NEW YORK (Reuters) - Ivy Asset Management agreed to pay $210 million to settle lawsuits for advising clients to invest with Ponzi schemer Bernard Madoff, the New York attorney general said on Tuesday.
The New York-based investment adviser, a subsidiary of Bank of New York Mellon Corp, withheld damaging information about Madoff to make millions of dollars in fees, New York Attorney General Eric Schneiderman said in a statement.
Between 1998 and 2008, the firm was paid more than $40 million to conduct due diligence and advise clients regarding Madoff investments, Schneiderman said.
Clients lost more than $236 million when Madoff’s Ponzi scheme collapsed, the statement said.
“Ivy deliberately concealed negative facts it uncovered,” Schneiderman said in the statement. “As a result, its clients suffered massive and avoidable losses.”
The New York attorney general’s office sued Ivy in 2010 for fraud and breach of fiduciary duty. The settlement resolves litigation by the office, the U.S. Department of Labor and investors, Schneiderman said.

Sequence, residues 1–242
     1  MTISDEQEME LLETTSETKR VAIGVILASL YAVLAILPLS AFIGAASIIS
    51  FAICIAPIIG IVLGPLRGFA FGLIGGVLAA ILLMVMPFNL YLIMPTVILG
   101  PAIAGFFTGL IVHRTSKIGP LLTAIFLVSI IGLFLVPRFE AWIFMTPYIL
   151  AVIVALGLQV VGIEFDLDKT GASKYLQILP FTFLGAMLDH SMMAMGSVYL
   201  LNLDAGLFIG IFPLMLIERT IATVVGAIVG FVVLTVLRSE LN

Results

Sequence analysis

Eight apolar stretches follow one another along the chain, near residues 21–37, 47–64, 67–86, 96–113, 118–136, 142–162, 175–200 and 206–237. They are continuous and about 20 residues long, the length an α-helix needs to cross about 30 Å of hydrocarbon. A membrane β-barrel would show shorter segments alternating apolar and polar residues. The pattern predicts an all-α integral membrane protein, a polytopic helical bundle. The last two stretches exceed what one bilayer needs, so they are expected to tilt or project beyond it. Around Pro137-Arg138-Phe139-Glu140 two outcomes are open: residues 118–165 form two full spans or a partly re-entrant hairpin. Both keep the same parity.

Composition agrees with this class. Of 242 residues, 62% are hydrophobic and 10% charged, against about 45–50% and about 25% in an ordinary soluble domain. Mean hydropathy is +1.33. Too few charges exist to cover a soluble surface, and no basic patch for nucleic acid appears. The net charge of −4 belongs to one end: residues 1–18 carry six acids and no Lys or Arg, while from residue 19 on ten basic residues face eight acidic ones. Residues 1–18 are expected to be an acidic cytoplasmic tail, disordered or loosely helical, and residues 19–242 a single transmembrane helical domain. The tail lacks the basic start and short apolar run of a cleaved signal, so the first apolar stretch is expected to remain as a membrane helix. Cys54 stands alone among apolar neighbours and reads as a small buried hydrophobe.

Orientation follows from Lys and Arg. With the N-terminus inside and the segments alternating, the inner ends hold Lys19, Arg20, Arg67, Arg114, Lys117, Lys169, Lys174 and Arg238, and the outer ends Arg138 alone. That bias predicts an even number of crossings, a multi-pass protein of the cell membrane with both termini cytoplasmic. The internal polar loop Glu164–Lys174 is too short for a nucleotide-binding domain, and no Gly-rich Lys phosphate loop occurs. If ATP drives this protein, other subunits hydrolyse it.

“Ivy is pleased to have reached an agreement that allows it to put these matters behind it,” Douglas W. Squasoni, chief restructuring officer and chief investment officer, said in a statement. The firm is winding down.
In addition to the $210 million paid by Ivy, other defendants will pay $9 million, Schneiderman said.
With monies anticipated from the Madoff bankruptcy proceeding, the settlement is expected to return nearly all the original investments of the defrauded investors the case, Schneiderman said.
Investors in Beacon and Andover funds, which were feeder funds for Madoff, will receive about $99 million from the settlement, according to Arthur Jakoby, a partner with the New York law firm of Herrick Feinstein, which represents the funds.
The rest will go to direct investors, other funds, and fees and expenses. The U.S. Labor Department said the settlement would compensate employee benefit plans and other investors.
In a separate agreement, Beacon and Andover Funds negotiated a deal with the Madoff trustee that will provide another $100 million or more, Jakoby said.
Madoff pleaded guilty in March 2009 to perpetrating the largest Ponzi scheme in U.S. history and is serving a 150-year prison sentence.
Kevin Heine, a spokesman for Bank of New York Mellon, had no immediate comment.
BNY Mellon, the world’s largest custody bank, has more legal battles ahead. The bank is fighting lawsuits from the New York attorney general and other U.S. authorities that accuse it of overcharging customers for foreign currency transactions.
The case is: People of the State of New York v. Ivy Asset Management, 450489/2010, New York state Supreme Court, New York County.
(The story corrects spelling of Jakoby in 12th paragraph)
Reporting by Karen Freifeld; Editing by Jeffrey Benkoe, Maureen Bavdek and Leslie Gevirtz